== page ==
The secret formula for a stress-free, long life is now revealed
In January 2011, I had written a column about making a resolution that I shall not indulge in gossip. In January 2014, I want to slap myself for it. Nasht ho gayi zindagi in teen saal mein, saara mazaa hi chala gaya life se. Of course, aspiring to have good values was the intent, but I never bargained for turning into Alok Nath! And on top of this self-invited boredom, I also compromised on my longevity, you see. Because as a recent study by the University of Michigan says in its report — which by the way I have framed and light agarbattis before, every morning — people, especially women, who gossip, live longer. Gossiping apparently elevates levels of progesterone; a hormone that reduces stress and makes you feels good.
Kya baat hai, University of Michigan, pehli baar koi interesting teer maara hai. Now, you see, whether I like it or not, I would have to gossip in the interest of science and research. And humanity. And divinity. And while on this trip, my mind has figured out some valid benefits of gossiping. But woh batane se pehle let me break my fast and tell you what I overheard coming from Chaddha ji’s house this morning. His daughter Bansuri was playing, I mean wailing. Not that it’s new, she’s been crying about pretty much everything ever since she turned a teenager. But she was crying out rather loud, so purely out of concern and sympathy (ha,ha), I went out to the balcony and heard this...
Bansuri: Daddy jiii, yeh dress poori nahi aa rahi
Chadda ji: Dress toh wahi hai, tum poori nahi aa rahi hogi
Bansuri: Mummy jiii, daddy ji mazaak udaa rahe hain
Mrs Chaddha: Inse kaho pehle apne shaadi waale suit mein poore aa ke dikhaayein
Chaddha ji: Us manhoos suit ko toh meine 10 saal pehle lohri mein jalaa diya thaa
Mrs Chaddha: #$%^&**Y%#@
Phew! Thank God I could tell someone all this. If you have neighbours like the Chaddhas, AND you have the permission from University of Michigan to gossip, why would stress anyway come near you. Haan? So here’s why I think that research would have allowed us this oldest pleasure known to mankind...
1 Law of diminishing hatred: You see, the moment you gossip about someone, pangs of guilt overtake your mind. I’m not referring to the typical readers of this column, but this happens at least with most normal, good people.
That guilt suddenly makes you want to be all nice to the victim of your gossip. So without that person even knowing the reason for it, you go out of your way to be good to him/her. Dekha? The devi of gossip actually enhances goodness and bonding between people. Jai ho.
2 It is social work, in disguise: Gossiping about someone else’s bad behaviour is simply your way of warning everyone else about it. Toh aap toh charity kar rahe ho. Isn’t that supposed to be a noble thing? The other day two girls at work were gossiping about the behaviour of the office Casanova. Since I was Alok Nath at that time, I immediately went up to lecture them about the sanskaar of not gossiping, but before I could say something, a third girl who was overhearing them, also joined in and they realised that Mr Casanova had used the same pick up line on all three, pretending to be only interested in them. Bas! Girls safe and happy, Alok Nath ji chup.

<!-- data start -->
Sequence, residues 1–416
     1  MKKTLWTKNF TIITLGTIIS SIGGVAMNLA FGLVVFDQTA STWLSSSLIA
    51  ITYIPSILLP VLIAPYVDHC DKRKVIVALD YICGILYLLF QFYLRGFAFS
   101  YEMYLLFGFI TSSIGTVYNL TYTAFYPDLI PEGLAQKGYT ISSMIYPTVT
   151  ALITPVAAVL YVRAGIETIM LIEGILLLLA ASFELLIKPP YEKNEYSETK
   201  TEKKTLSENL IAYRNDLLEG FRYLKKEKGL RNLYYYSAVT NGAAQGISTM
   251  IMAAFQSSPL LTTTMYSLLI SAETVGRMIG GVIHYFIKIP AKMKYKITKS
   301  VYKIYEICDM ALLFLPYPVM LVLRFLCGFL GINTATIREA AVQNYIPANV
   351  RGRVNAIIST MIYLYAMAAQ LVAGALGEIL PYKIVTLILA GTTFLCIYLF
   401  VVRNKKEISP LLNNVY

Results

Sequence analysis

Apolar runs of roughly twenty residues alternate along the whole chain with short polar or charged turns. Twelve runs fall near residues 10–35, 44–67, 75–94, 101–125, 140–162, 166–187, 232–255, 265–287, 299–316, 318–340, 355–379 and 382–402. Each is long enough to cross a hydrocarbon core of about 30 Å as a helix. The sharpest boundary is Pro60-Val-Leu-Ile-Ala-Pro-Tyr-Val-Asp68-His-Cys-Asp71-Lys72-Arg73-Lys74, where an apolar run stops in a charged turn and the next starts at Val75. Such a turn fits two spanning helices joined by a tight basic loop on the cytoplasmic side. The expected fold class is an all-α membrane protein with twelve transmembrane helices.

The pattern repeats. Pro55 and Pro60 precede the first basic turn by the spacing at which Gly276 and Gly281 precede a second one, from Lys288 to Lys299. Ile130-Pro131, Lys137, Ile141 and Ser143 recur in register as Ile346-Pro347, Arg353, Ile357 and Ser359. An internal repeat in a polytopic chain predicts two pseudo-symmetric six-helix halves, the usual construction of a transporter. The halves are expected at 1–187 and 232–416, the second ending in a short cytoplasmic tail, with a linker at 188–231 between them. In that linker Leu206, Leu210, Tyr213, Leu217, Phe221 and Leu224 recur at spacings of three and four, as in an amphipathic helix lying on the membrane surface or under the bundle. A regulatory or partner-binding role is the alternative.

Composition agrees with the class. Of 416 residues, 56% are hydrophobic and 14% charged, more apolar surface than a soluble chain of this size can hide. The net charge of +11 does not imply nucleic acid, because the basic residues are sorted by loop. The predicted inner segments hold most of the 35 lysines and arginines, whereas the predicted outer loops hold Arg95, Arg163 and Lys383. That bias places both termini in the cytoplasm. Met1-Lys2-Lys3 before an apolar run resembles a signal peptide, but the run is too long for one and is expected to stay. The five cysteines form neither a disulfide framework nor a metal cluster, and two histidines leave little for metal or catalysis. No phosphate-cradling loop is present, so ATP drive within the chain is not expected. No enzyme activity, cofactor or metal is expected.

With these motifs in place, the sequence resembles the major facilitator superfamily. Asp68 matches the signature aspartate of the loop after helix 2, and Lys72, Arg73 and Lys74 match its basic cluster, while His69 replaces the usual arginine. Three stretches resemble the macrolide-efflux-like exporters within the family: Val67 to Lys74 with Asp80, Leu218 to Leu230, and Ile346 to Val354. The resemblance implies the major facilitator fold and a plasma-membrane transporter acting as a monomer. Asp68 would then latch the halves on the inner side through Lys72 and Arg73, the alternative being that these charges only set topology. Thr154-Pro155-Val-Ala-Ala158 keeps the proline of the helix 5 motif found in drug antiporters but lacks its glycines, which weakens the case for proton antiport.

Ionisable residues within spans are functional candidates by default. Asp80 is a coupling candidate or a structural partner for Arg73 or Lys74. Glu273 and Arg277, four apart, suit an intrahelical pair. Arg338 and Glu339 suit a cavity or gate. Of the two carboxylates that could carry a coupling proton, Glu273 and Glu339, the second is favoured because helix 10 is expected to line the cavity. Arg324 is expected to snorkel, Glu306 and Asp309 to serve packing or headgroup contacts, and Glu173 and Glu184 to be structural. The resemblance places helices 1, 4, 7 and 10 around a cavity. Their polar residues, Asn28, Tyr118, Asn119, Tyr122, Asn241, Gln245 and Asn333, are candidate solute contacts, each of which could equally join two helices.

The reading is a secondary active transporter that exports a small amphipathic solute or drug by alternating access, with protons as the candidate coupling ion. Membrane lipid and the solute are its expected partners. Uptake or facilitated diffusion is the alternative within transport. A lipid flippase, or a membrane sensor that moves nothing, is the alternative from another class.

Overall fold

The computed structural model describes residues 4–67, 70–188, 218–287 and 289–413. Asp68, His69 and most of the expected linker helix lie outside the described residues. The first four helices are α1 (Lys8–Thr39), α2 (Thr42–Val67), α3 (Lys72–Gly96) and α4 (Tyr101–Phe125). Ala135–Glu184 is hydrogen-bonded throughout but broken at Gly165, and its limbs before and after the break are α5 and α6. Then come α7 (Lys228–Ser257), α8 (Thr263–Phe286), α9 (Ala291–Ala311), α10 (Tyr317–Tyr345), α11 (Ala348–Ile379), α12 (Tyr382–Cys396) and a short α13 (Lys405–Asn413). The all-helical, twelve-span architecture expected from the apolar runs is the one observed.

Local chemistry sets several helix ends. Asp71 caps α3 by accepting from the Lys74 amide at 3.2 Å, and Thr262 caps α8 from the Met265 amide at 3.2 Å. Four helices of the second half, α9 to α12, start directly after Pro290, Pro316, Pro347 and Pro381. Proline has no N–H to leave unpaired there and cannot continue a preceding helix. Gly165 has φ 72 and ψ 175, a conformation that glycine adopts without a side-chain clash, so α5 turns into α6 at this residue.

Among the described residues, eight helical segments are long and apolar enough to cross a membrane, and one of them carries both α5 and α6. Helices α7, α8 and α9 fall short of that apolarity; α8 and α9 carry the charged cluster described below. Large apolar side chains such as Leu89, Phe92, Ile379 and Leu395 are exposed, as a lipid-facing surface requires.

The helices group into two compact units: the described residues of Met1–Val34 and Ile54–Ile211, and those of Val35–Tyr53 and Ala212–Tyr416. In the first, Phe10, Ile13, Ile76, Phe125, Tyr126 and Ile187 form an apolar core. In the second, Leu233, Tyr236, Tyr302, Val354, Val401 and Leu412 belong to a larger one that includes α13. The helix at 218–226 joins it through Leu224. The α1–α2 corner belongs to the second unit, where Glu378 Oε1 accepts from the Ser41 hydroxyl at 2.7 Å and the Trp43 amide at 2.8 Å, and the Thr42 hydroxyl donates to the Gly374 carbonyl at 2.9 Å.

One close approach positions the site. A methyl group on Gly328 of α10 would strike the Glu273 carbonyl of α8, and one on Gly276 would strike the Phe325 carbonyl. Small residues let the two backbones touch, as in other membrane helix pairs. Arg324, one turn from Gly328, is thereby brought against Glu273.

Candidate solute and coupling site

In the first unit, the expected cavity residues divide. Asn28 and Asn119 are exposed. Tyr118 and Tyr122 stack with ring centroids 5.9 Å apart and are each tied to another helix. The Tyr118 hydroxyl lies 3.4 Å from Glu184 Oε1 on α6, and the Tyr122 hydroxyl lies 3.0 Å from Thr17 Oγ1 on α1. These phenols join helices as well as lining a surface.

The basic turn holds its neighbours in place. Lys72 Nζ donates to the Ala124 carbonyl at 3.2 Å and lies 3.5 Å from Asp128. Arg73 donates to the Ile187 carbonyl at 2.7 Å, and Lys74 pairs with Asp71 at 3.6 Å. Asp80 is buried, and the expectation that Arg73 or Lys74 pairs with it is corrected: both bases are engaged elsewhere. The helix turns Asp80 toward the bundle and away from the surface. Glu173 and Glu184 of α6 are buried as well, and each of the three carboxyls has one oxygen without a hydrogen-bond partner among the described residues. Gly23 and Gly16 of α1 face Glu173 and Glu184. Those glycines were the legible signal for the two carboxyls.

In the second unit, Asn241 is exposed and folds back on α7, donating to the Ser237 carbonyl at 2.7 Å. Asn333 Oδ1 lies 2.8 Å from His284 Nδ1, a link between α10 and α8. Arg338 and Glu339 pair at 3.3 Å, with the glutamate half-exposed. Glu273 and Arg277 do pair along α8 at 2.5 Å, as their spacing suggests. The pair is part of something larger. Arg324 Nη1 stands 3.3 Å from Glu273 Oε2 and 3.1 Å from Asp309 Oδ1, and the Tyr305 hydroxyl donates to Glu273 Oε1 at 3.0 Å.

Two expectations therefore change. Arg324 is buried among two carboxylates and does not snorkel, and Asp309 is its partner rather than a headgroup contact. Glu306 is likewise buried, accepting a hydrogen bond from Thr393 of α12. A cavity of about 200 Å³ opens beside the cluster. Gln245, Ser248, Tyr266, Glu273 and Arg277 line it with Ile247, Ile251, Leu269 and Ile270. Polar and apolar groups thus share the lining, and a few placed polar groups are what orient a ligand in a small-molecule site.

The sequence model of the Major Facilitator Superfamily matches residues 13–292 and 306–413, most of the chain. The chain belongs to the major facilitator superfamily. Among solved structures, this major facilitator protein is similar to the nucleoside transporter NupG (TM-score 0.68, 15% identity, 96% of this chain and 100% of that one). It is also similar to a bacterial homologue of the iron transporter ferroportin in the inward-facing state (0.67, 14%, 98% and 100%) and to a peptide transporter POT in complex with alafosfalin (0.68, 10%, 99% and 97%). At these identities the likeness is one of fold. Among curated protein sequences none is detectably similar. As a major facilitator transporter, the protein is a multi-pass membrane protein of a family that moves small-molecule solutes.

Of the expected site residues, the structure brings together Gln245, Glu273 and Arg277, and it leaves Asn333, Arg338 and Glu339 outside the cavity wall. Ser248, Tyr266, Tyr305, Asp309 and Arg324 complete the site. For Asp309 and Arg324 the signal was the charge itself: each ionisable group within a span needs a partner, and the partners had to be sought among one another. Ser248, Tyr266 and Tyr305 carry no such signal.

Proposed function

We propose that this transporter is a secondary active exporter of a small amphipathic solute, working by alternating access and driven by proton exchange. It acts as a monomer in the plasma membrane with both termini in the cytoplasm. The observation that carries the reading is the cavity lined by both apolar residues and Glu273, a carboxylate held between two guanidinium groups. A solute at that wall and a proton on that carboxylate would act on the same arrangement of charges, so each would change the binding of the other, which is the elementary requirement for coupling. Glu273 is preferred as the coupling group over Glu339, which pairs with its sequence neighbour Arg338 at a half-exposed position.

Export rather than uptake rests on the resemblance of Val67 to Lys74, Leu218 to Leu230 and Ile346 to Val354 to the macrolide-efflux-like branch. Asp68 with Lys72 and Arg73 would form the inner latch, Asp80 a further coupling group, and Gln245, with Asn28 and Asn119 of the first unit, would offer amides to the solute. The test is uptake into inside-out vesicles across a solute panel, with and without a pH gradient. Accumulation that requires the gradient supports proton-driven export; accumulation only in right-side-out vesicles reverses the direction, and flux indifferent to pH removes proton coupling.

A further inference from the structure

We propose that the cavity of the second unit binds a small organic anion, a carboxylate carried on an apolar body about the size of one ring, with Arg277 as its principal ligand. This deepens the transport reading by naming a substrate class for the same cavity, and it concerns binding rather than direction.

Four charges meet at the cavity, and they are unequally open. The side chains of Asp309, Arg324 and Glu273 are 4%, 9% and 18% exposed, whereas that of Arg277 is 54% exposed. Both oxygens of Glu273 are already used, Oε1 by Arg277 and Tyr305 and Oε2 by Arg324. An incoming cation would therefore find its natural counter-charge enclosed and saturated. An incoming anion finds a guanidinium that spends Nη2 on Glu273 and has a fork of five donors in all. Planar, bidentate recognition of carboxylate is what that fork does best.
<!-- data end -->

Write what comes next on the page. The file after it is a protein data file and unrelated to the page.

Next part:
3 Six degrees of separation: Whether you like it or not, gossiping is perhaps the best way to discover people who are exactly like you. Lifelong rishtey ban jaate hain ji, over gossip sessions. We all outwardly take a stand that we hate gossip mongers, but deep inside we know the thrill of being able to high-five a person whose mean-ness levels are exactly the same as ours. A person at work who is my gossip partner would know exactly what I mean. And you know what, people who gossip also have to be creative. Because you can’t excel at gossiping unless it’s told in an entertaining way. Mehnat lagti hai, talent bhi lagta hai, koi mazaak hai? Denouncing an activity that stimulates the mind at so many different levels is sacrilege.
Ab thoda serious ho jayein, just for a minute? See, I wrote all of this in good faith towards your sensibilities and intelligence. I hope you know the difference between malicious backbiting and relatively harmless, idle chatter. It’s easy to act Puritans and deny it, but I can bet my AAP jhaadu that there’s not even a single person who hasn’t done the latter, at some or the other time. I’m only asking for an admission of the truth here, as long as we are aware of our boundaries.
Spreading false rumours about someone with an intent to harm his or her reputation is not gossip, it is sin. The thumb rule that I apply to myself is simple.
I imagine a situation where the person I’m gossiping about, turns out to be standing behind me when I’m speaking. If I can still say the same thing about them playfully to their face, I’m doing okay. Don’t ever say anything behind a person’s back, that, if the need or situation be, you can’t repeat in front of them. And, finally, to the victims of harmful gossip. Dekho yaar, there’ll always be people in life who would love to see you fail, simply because they didn’t succeed. They’ll keep talking behind your back, but you’ve got to realise that they are ‘behind’ you for a reason.
Here’s a random, confusing, but golden advice, a la Chaddha ji — ‘Agar aap hi har waqt yeh sochenge ki log kya sochenge, toh phir log kya sochenge?’
Sonal Kalra is wondering if all the sweetness and goodness in trying to be Alok Nath, gave her diabetes. How will she handle a very long life now? Advise her at email@example.com or on Facebook at facebook.com/sonalkalra13.
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